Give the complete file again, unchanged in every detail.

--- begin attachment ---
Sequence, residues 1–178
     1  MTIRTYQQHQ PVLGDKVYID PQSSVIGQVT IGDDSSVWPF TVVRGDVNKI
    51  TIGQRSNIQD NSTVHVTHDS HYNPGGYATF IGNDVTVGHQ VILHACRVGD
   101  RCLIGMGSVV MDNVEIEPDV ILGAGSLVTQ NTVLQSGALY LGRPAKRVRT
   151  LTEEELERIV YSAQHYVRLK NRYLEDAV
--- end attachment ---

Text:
Sequence, residues 1–178
     1  MTIRTYQQHQ PVLGDKVYID PQSSVIGQVT IGDDSSVWPF TVVRGDVNKI
    51  TIGQRSNIQD NSTVHVTHDS HYNPGGYATF IGNDVTVGHQ VILHACRVGD
   101  RCLIGMGSVV MDNVEIEPDV ILGAGSLVTQ NTVLQSGALY LGRPAKRVRT
   151  LTEEELERIV YSAQHYVRLK NRYLEDAV